This action might not be possible to undo. Are you sure you want to continue?
Discussion Papers are preliminary materials circulated to stimulate discussions and critical comments
DISCUSSION PAPER No. 71
An Asian Triangle of Growth and Cluster-to-Cluster Linkages
Abstract It is expected that an Asian triangle of growth will be formed in the coming few decades. China, India and ASEAN surround the Asian triangle, which is home to many industrial clusters. Multinational corporations will link these clusters together. Regional integration will help them in this task by lowering the barriers of national borders. This paper explains the necessity of regional integration for cluster-to-cluster linkages in the Asian triangle of growth.
Keywords: Asian Triangle of growth, regional integration, cluster-to-cluster linkages JEL classification: F23, F59, R12, R58.
Executive Vice President, Japan External Trade Organization (JETRO) E-mail: email@example.com
The Institute of Developing Economies (IDE) is a semigovernmental, nonpartisan, nonprofit research institute, founded in 1958. The Institute merged with the Japan External Trade Organization (JETRO) on July 1, 1998. The Institute conducts basic and comprehensive studies on economic and related affairs in all developing countries and regions, including Asia, Middle East, Africa, Latin America, Oceania, and East Europe.
The views expressed in this publication are those of the author(s). expressed.
not imply endorsement by the Institute of Developing Economies of any of the views
INSTITUTE OF DEVELOPING ECONOMIES (IDE), JETRO 3-2-2, WAKABA, MIHAMA-KU, CHIBA-SHI CHIBA 261-8545, JAPAN
©2006 by Institute of Developing Economies, JETRO
Multinational corporations have increasingly created networks for value chain management in Asia as part of their efforts to maximize customer satisfaction. We can call the networks they have formed Asia’s regional network. We must take into account the management of multinational corporations in order to fully understand regional integration in Asia. This paper forecasts the growth of the Asian economies, attempts to provide an understanding of the management mechanisms of multinational corporations, and examines how Asia is being regionally integrated. It is expected that an Asian triangle of growth will be formed in the coming few decades, with boundaries formed by China, India and ASEAN, as shown in Figure 1. There are many industrial clusters in this triangle, including the automobile industry cluster in Guangzhou, China, which is home to factories of Honda, Nissan and Toyota. This automobile industry cluster will expand over ASEAN as the Yuan economy grows. Because Japan is located outside of the triangle, it is necessary for Japanese clusters to link to clusters within it. We call these cluster-to-cluster linkages. Multinational corporations use value chain management to decide locations for their research and development, procurement, assembly, and marketing facilities, and these locations will link clusters together. The Asian triangle of growth is emerging, and industrial clusters are expanding within the triangle as multinational corporations link a part of their value chain in one cluster with another part in another cluster. Regional integration refers to economic partnership in Asia, which will promote the linking of clusters with other clusters by lowering the barriers created by national borders. This paper explains the relationship between the Asian triangle of growth, industrial clusters, cluster-to-cluster linkages, and economic partnership in Asia.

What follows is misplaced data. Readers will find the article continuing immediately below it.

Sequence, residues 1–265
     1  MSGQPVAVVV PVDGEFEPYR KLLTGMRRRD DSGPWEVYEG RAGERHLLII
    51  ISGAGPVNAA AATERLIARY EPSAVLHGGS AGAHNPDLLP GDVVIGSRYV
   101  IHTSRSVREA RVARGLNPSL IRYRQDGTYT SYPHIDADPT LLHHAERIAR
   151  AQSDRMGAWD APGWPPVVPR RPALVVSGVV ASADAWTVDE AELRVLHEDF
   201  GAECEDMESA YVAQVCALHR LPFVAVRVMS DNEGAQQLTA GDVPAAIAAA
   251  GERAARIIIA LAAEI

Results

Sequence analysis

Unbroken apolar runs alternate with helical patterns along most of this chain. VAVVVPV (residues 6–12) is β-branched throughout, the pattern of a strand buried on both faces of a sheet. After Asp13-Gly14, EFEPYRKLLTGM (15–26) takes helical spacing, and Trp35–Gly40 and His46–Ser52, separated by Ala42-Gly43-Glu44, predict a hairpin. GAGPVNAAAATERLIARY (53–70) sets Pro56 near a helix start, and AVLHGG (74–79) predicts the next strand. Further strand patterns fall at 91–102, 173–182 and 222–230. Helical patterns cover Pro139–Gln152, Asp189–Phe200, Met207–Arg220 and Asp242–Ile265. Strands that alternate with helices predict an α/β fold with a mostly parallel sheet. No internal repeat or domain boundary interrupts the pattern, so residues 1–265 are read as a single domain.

Section 2 explains industrial clusters in the Asian triangle. Section 3 looks at the expansion of the region with the growth of the Yuan economy. Section 4 elucidates the formation of an Asian network formed by the value chain management of multinational corporations. Section 5 explains the linkages between clusters in Asia from the point of view of the value chain management of multinational corporations. Section 6 shows how Asian regional integration promotes linkages between the clusters of multinational corporations in the Asian triangle. The last section concludes.
2. Industrial Clusters in the Asian Triangle